None of that has happened, but there's a middle ground. During an interim period where we've slowed transmissions but don't have most of the above, we can reopen some things but reduce transmission rates by:
4. Work from home when possible, and no matter what if we're sick (some jobs will need sick leave to be established, which should be mandated).
5. Focus on hygiene.
6. Limit the most obvious opportunities for large scale infection, like spectator sports.

#6 would also include Airplanes (which are still flying now). Probably movie theaters as well

Pedestrian Apr 27, 2020 7:40 AM

Quote:

Originally Posted by SIGSEGV (Post 8904471)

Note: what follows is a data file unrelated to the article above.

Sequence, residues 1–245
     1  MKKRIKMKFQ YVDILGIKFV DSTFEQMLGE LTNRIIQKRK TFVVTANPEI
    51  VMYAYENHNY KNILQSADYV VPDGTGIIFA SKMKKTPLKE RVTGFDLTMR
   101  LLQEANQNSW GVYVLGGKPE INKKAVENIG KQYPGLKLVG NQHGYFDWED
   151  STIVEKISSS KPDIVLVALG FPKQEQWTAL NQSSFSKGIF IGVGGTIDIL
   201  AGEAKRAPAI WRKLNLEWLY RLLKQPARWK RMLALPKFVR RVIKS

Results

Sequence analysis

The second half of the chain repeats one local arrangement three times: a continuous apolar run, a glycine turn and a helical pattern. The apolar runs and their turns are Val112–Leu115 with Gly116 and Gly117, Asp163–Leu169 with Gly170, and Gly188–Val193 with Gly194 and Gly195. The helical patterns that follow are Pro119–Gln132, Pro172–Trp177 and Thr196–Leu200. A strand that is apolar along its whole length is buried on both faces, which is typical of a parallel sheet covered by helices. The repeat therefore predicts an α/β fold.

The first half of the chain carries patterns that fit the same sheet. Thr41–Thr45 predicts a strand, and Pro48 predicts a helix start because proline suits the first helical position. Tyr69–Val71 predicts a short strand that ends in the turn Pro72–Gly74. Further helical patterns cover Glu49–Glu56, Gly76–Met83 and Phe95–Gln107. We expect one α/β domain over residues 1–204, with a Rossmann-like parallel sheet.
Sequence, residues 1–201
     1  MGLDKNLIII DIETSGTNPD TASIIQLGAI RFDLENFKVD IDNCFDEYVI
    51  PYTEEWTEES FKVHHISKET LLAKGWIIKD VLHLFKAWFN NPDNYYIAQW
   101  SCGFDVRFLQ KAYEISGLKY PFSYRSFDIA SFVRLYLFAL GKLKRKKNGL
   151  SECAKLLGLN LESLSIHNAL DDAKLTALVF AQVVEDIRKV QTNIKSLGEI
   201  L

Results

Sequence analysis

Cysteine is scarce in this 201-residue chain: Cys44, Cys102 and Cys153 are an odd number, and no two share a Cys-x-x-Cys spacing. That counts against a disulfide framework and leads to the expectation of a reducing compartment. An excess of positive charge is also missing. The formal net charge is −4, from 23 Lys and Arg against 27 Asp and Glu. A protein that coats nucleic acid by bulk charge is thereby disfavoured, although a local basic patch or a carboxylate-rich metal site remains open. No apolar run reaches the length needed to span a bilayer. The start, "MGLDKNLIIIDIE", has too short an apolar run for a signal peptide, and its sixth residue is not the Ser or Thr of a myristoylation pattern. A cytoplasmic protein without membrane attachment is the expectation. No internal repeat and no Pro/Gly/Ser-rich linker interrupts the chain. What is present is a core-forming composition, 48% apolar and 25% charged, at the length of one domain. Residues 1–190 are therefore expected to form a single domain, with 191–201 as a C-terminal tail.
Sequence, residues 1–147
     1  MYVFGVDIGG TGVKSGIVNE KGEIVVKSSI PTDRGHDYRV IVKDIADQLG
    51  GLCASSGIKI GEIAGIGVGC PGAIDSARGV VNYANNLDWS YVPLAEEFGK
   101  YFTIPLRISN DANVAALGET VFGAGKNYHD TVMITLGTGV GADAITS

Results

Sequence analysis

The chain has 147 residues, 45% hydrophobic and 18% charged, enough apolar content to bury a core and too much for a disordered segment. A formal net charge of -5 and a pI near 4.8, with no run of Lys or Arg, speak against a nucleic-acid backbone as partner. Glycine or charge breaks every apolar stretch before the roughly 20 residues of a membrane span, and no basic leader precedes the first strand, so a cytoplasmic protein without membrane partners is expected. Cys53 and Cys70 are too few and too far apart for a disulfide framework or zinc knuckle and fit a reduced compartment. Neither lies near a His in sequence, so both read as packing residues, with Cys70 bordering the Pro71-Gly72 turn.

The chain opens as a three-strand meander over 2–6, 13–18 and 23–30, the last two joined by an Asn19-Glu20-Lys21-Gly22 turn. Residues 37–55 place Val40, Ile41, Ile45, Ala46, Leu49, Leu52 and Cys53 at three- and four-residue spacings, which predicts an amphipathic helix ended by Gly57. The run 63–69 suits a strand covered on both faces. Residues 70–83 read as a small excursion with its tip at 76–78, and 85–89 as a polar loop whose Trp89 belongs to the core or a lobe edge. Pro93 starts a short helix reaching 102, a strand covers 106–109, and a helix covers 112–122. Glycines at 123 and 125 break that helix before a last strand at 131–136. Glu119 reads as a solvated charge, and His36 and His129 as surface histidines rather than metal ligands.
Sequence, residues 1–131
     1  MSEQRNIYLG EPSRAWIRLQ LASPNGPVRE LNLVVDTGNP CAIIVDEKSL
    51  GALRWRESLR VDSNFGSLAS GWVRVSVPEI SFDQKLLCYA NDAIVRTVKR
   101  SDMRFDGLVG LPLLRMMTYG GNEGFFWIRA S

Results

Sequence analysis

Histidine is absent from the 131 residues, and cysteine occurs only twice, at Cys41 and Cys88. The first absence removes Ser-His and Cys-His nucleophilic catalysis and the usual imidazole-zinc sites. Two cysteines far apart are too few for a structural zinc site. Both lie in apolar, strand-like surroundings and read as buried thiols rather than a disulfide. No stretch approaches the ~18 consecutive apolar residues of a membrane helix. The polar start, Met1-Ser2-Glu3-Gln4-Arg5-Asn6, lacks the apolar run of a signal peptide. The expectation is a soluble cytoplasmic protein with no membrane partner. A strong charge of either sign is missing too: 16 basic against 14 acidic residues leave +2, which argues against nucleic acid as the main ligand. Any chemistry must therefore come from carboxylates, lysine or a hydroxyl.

The IFR can't be as low as 0.1 percent as more than 0.1 percent of NYC's population has died from COVID-19 (close to 0.2 percent if you include the probable deaths count from the NYC DPH). If you believe the serological study in NYC, 0.5-0.9 of those who have likely been exposed in NYC have died, and that's not accounting for those who are infected but have not died yet, bringing the likely IFR for NYC to be likely in the ~1%+ range.

NYC is the only population in the US where the false positive rate of the antibody tests is not a huge effect (since the virus is obviously more widespread in NYC than anywhere else). The Stanford study was almost certainly measuring mostly false positives (unless somehow the IFR in NYC is 10x worse than California, for some unknown reason).

NY is an outlier in almost every respect. But we'll see.

So you think the folks at Stanford are too stupid to figure out that their testing is suspect like you have?